FRP retrofit for collapse mitigation of RC frames with URM infills: 3-D computational modeling of an as-built and retrofitted one story building

December 30, 2009
Publication: Improving the Seismic Performance of Existing Buildings and Other Structures - Proceedings of the 2009 ATC & SEI Conference on Improving the Seismic Performance of Existing Buildings and Other Structures, p 1086-1092
Author(s): Naguib, Wassim I. Talaat, Mohamed M. Citipitioglu, Ahmet

Abstract: Structural systems of reinforced concrete (RC) frames with unreinforced masonry (URM) infill walls are common building systems, especially for historical buildings. In this study a one-story reinforced concrete building was simulated until collapse scaled records of ground motion, before and after retrofitting the URM infill wall using Fiber Reinforced Polymer (FRP) bars. The nonlinear behavior of the URM-infilled RC frame was modeled using the general purpose finite element (FE) software ABAQUS, to shear-deformation behavior of the infill walls. The infill walls were then idealized using a calibrated strut-and-tie model of the wall. The infill walls were then modeled, along with the RC frames, using the open source FE code OpenSEES (Open System for Earthquake Engineering Simulation). The OpenSEES (Mazzoni et al, 2004) modeling uses a direct element removal procedure which accounts for sudden loss of brittle elements taking into account dynamic equilibrium and the transient change in thestructural system kinematics. Static and dynamic analytical simulations were conducted, on the one story building model, to study the effect of retrofitting the infill walls on the overall behavior of the building system. Finally, the overall building performance after retrofitting was compared to the as-built building system. This study concludes that, after retrofit of the infill walls with FRP bars, the overall displacement ductility and the building system performance were enhanced, without significant increase in the stiffness of the lateral resisting system.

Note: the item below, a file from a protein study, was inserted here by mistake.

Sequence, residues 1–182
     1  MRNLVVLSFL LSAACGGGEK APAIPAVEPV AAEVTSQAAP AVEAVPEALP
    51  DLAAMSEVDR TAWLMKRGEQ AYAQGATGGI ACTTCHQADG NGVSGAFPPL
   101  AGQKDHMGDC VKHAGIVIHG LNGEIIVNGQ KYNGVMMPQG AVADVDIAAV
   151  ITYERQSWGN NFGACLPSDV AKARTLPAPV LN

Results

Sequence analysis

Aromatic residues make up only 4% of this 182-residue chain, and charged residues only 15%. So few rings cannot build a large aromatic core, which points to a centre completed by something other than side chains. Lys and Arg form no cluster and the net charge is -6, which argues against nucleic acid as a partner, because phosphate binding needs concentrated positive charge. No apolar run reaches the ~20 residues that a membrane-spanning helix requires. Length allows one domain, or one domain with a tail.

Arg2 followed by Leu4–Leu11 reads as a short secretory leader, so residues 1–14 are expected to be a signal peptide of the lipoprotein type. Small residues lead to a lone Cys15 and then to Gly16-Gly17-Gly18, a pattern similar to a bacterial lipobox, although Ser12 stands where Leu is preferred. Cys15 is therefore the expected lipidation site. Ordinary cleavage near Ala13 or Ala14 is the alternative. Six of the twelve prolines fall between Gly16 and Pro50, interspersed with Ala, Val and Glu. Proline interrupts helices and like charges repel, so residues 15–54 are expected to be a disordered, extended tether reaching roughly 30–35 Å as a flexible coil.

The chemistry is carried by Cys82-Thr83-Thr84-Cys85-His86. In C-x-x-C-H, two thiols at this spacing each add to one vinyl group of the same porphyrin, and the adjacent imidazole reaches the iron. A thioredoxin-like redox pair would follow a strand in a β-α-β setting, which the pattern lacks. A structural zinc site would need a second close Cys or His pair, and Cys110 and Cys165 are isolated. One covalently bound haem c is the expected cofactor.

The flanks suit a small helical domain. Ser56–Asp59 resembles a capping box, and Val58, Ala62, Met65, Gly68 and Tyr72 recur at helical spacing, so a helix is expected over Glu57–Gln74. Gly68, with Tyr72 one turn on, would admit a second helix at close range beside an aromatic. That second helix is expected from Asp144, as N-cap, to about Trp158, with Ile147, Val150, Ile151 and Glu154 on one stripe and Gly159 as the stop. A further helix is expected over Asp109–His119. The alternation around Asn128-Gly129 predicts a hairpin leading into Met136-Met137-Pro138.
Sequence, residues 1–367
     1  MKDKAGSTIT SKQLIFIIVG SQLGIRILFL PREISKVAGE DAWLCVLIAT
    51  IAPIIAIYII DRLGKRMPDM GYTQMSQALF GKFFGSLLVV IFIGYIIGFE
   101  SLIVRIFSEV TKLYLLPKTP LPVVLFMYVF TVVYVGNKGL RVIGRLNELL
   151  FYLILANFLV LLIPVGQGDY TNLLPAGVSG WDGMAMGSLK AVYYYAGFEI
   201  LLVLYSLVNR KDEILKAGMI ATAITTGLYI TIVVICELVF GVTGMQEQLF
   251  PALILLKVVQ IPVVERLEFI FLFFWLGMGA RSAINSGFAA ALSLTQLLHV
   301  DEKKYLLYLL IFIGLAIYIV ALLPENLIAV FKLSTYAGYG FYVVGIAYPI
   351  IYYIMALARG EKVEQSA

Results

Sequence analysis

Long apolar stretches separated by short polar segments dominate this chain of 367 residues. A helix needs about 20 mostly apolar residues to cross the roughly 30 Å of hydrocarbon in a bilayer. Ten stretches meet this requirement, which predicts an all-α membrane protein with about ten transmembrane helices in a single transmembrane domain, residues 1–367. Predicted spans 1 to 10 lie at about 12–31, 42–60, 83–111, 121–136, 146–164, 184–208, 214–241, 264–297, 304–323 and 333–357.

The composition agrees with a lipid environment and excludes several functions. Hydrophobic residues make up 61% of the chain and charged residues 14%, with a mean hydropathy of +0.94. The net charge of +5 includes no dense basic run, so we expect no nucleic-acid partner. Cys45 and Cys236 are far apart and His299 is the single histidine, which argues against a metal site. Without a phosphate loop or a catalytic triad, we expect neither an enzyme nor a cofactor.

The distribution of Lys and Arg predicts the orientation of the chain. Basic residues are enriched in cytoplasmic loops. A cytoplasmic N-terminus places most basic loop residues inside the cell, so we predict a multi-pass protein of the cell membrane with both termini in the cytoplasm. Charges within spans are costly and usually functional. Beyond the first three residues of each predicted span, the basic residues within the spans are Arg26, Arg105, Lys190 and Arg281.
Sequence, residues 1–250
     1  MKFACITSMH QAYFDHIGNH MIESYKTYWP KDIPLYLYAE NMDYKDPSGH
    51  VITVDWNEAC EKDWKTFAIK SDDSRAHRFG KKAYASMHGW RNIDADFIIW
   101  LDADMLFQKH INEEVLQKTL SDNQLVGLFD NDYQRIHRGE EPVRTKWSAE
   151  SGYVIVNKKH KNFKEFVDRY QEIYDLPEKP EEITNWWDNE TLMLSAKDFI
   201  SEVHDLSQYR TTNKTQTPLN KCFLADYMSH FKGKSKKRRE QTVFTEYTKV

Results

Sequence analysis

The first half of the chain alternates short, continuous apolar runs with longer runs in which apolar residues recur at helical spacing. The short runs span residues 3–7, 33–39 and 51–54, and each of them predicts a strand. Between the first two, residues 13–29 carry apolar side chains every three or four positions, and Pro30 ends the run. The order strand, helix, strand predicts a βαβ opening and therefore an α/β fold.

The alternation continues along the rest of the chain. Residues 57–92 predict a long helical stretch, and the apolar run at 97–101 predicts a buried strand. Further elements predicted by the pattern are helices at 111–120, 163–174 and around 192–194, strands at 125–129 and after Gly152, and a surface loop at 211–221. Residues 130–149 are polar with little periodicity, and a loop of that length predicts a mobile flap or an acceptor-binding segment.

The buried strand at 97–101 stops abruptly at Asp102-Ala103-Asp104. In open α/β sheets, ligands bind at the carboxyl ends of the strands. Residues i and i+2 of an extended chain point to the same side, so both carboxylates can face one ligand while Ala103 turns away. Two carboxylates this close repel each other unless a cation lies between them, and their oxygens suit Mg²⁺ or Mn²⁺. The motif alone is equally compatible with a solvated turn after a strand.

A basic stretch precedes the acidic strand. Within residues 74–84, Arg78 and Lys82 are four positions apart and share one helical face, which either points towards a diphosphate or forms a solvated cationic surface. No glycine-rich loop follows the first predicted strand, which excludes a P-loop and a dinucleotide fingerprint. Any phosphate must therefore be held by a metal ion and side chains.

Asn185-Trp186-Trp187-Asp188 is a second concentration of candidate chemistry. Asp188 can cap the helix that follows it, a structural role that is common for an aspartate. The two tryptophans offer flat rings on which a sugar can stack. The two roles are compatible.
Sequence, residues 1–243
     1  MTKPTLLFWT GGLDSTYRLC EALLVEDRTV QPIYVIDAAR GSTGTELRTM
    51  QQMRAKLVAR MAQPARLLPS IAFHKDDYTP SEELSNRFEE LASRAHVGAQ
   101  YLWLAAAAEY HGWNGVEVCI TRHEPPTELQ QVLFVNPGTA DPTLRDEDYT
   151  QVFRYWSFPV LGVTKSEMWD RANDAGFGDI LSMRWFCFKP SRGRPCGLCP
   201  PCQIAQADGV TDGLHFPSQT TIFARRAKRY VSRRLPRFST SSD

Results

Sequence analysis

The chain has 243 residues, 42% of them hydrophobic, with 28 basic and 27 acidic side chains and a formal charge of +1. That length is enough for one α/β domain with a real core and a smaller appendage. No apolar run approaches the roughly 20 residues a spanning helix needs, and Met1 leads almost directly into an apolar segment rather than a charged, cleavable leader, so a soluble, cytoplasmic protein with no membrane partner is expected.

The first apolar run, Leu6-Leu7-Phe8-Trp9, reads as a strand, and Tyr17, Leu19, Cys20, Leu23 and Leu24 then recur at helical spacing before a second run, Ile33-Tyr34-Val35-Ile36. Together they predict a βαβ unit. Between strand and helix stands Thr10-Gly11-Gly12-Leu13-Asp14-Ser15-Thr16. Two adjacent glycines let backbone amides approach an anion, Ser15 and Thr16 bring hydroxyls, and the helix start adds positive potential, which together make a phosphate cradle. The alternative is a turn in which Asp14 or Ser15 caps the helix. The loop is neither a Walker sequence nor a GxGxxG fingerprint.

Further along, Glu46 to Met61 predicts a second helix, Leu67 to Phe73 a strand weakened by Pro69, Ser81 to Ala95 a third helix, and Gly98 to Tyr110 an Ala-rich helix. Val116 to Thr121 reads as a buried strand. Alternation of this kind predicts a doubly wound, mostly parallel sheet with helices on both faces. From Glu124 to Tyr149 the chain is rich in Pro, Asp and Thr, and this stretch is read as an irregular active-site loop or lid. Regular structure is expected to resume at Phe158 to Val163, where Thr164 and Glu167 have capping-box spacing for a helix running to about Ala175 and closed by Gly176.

Services: Materials Design